On June 7th, 2021, the Security and Exchange Committee (“SEC”) announced a charge against Holly Hand, a former senior project manager at Neuralstem, a biopharmaceutical company currently known as Palisade Bio, Inc., and her intimate Chad A. Calice with violating the insider trading policy. Hand provides Calice with Neuralstem’s unpublic information, resulting in Calice avoiding the losses of $103,875 and his uncle $14,434. The charge was settled, with the defendants agreeing to pay a $325,000 civil penalty.
In the complaint, the SEC alleged that Hand informed Calice about a Neuralstem’s clinical trial’s negative result in a phone call on Friday, July 21st, 2017, and Calice subsequently sold all Neuralstem’s stock on the following Monday and told his uncle to do so. Neuralstem publicly announced the result of its clinical trial on Tuesday morning before the market opened, and its stock price drop approximately 50%, from the previous day’s close of $5.58 to $2.81 per share. After the drop, Calice repurchases Neuralstem’s stock at a lower price.
Hand leaked a piece of non-public material information to Calice with the expectation to benefit Calice by giving it an unfair advantage that no other Neuralstem’s shareholders have access to. Hand and Calice have a close relationship: they have lived together for many years in a house they purchased together and share the mortgage. In addition, Hand frequently discusses her work with Calice, causing him to know about the clinical trial, especially its dates of significance. Hand and Calice should be well aware of the confidentiality of the information they were communicating but nonetheless decide to benefit from it.
Neuralstem’s protocol and the industry’s standard demands material information regarding clinical trials to be kept confidential until formal public announcement. Employees who have access to this kind of information are strictly prohibited from sharing it with individuals or organizations outside their company. When disclosing such information with outsiders is necessary, employees must acquire written agreements to comply with the company’s insider trading policy from whom they disclose the information. Hand-signed the company’s confidentiality agreement and annual acknowledgment pledging to abide by the ethics code as recently as February 6th, 2021.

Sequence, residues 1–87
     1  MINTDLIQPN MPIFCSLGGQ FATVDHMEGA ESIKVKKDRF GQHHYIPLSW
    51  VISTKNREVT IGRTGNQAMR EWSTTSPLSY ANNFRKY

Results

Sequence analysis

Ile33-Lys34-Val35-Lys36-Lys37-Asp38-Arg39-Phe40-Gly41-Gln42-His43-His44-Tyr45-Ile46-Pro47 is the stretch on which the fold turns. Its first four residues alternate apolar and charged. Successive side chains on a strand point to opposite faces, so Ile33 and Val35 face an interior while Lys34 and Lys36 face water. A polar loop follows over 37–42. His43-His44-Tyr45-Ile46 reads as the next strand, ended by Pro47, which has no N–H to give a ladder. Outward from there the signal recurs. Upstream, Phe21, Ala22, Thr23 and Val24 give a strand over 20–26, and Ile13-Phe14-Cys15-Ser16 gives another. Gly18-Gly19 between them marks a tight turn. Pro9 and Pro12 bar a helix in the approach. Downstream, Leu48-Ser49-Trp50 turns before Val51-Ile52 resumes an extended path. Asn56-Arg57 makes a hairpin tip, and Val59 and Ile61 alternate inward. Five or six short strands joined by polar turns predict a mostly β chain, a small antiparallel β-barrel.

However, she broke these codes when she discussed the result of the clinical trial with Calice. Furthermore, when he was questioned for suspicious trades put through Calice’s account, Hand lied to the Neuralstem’s investigator, falsely denying that she did not discuss Neuralstem’s study before its public announcement. Calice and Hand’s conducts described hereby violates section 17(a) of the Securities Act of 1933 and section 10(b) of the Securities and Exchange Act of 1934.
Richard R. Best, Director of the SEC’s New York Regional Office, says, “[p]ublic company employees owe shareholders a duty to safeguard the confidentiality of company information and not to personally benefit, directly or indirectly, from the misuse of such information. He also says, “the complaint alleges that Hand improperly shared confidential information with Calice, allowing him to trade on and benefit from the information that other Neuralstem shareholders did not possess.
While it is not uncommon to have access to sensitive information when working for public companies, it is critical to observe the related regulations closely. We strongly advise people who have doubts when complying with these regulations to seek professional legal counsel.
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